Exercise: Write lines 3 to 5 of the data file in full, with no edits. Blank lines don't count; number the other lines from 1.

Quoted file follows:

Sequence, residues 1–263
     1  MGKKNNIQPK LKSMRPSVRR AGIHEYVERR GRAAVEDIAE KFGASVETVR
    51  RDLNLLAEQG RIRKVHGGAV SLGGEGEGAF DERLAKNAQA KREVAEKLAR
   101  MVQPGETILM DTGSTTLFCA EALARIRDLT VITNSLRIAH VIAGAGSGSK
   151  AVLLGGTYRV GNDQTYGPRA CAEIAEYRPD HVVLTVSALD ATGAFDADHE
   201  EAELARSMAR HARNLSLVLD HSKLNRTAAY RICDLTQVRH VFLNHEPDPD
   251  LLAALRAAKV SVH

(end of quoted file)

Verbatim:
    51  RDLNLLAEQG RIRKVHGGAV SLGGEGEGAF DERLAKNAQA KREVAEKLAR
   101  MVQPGETILM DTGSTTLFCA EALARIRDLT VITNSLRIAH VIAGAGSGSK
   151  AVLLGGTYRV GNDQTYGPRA CAEIAEYRPD HVVLTVSALD ATGAFDADHE